might be geting at it although I have tried long and hard to capture 
any such thing. I have split ground plains, decoupling etc and I am 
familiar with applications in this sort of environment. It was the 
long time between failures that was throwing me and why I contacted 
the group for similar experiences.
Reloading the registers does fix it but I am very aware this is a 
band aid and not a root cause and is a butt biting event waiting to 
happen.
What this does tell me is that it is a corrupting register and is 
most likly a hardware issue due to the long interval as I have no 
long timed software events and such.
Now that I have ruled out the ADC oscillator, I am looking long and 
hard at the reset pin for ripples, flicks and the ground inputs and 
any variance between the digital and analog as they have different 
routes back to unified ground. 


Lance


Without looking at the circuit its hard to guess what
the problem might be. 
Try decreasing the pull up/down resistor values and
check if the frequency of problem goes down.

-Sumukh
--- lancenz1 <lance@lanc...> wrote:
> Hi all that replied.
> It is worth saying that this is a high transient
> environment 
> application. I am pretty sure I have gone to
> reasonable lenghts to 
> keep the micro locked down but I have to suspect
> some transient 
> might be geting at it although I have tried long and
> hard to capture 
> any such thing. I have split ground plains,
> decoupling etc and I am 
> familiar with applications in this sort of
> environment. It was the 
> long time between failures that was throwing me and
> why I contacted 
> the group for similar experiences.
> Reloading the registers does fix it but I am very
> aware this is a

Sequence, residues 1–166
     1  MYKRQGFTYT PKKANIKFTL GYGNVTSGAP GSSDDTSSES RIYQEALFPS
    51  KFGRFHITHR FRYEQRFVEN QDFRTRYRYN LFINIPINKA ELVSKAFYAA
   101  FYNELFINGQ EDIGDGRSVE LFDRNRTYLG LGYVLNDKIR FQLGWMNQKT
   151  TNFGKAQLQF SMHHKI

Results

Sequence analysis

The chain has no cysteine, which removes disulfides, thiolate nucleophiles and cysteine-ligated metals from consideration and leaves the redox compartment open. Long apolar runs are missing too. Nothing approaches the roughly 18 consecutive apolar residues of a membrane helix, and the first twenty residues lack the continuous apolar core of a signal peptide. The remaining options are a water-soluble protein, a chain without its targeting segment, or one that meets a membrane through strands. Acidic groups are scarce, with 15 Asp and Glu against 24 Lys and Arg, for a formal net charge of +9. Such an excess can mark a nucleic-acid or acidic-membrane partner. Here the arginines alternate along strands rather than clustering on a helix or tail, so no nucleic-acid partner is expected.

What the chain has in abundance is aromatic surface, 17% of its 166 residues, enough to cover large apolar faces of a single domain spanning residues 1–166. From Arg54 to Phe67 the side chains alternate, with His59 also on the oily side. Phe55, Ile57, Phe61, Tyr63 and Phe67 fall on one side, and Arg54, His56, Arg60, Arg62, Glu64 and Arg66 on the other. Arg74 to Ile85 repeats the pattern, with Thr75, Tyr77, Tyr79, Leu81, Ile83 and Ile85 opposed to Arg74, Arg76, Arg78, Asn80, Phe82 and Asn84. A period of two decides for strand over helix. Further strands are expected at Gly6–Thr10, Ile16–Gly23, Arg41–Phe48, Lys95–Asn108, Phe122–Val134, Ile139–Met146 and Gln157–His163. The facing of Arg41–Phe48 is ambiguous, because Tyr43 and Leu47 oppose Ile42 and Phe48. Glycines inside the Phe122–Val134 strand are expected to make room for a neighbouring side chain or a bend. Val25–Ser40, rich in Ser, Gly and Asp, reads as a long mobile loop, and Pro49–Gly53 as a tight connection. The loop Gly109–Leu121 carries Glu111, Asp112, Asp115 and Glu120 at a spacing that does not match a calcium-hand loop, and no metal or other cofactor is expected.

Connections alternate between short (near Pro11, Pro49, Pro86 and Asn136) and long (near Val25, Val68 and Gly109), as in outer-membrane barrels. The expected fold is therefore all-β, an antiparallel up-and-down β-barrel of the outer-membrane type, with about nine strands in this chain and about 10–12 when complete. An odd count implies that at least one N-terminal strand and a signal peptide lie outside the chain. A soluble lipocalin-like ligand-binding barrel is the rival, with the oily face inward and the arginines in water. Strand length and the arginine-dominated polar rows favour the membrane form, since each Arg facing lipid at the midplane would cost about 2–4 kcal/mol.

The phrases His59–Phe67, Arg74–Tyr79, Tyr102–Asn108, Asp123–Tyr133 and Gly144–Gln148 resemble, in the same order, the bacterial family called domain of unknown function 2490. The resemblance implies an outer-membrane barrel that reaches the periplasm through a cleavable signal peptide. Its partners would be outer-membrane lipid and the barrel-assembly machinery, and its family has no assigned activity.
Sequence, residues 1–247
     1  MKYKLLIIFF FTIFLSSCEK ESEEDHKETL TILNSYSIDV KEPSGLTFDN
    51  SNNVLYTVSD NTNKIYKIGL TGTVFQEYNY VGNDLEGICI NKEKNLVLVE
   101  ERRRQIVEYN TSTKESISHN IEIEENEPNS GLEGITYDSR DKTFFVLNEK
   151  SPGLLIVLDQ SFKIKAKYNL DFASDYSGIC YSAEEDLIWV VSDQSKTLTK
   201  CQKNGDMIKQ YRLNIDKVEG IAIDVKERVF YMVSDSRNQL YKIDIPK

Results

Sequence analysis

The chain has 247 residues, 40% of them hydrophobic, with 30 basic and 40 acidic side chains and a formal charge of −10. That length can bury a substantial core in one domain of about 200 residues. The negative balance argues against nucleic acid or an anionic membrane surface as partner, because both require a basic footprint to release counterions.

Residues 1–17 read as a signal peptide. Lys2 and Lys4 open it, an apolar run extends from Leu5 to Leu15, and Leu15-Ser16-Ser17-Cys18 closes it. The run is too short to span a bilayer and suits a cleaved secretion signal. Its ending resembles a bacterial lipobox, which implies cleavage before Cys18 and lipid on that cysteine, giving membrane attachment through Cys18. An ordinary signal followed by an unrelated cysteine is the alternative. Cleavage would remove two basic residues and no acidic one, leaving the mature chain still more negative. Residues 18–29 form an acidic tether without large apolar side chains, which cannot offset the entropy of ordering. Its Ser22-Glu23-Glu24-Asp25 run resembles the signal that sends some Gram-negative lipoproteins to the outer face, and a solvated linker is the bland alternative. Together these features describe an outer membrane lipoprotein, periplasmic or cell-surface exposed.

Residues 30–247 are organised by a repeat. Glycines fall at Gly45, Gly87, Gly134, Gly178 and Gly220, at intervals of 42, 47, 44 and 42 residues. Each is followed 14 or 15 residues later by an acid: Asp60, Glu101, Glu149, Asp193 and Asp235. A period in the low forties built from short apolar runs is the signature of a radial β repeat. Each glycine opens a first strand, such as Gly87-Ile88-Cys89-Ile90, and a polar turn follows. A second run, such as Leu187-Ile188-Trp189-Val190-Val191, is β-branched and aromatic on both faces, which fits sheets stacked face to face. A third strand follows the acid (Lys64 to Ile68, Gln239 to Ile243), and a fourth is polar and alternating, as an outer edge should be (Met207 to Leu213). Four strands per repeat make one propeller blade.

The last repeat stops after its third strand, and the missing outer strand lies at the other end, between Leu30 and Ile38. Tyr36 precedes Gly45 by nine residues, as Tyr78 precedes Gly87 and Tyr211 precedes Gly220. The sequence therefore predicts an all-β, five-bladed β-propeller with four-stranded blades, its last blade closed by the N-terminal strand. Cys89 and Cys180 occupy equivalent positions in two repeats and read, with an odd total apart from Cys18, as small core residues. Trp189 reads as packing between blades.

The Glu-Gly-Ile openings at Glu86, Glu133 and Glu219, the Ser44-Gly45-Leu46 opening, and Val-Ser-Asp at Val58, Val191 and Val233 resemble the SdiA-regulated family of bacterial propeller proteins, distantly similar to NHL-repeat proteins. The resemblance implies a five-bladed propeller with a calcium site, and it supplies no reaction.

> band aid and not a root cause and is a butt biting
> event waiting to 
> happen.
> What this does tell me is that it is a corrupting
> register and is 
> most likly a hardware issue due to the long interval
> as I have no 
> long timed software events and such.
> Now that I have ruled out the ADC oscillator, I am
> looking long and 
> hard at the reset pin for ripples, flicks and the
> ground inputs and 
> any variance between the digital and analog as they
> have different 
> routes back to unified ground. 
> 
> 
> Lance
> 
> 


Hi Lance, sounds automotive? Ah the joys of load dumps! If Adding a 
refresh caused the problem then it should be easily tracable. When I 
refresh registers I only refresh those registers which may affect the 
operation of the system, and which are not handled by the program. For 
example if I set Port1 to outputs and then never need to deal with Port 
1 again I'd have:-

INIT:
	...
	...
	mov.b	#-1,&P1DIR
	...
	RET

REFRESH:
	MOV.B	#-1,&P1DIR
	...
	RET

However, if at some point in my program I needed to access Port 1 as a 
bit, then refresh becomes unnecessary since BIS.B #bit,&P1DIR is a 
read-modify-write sequence and automatically refreshes the register.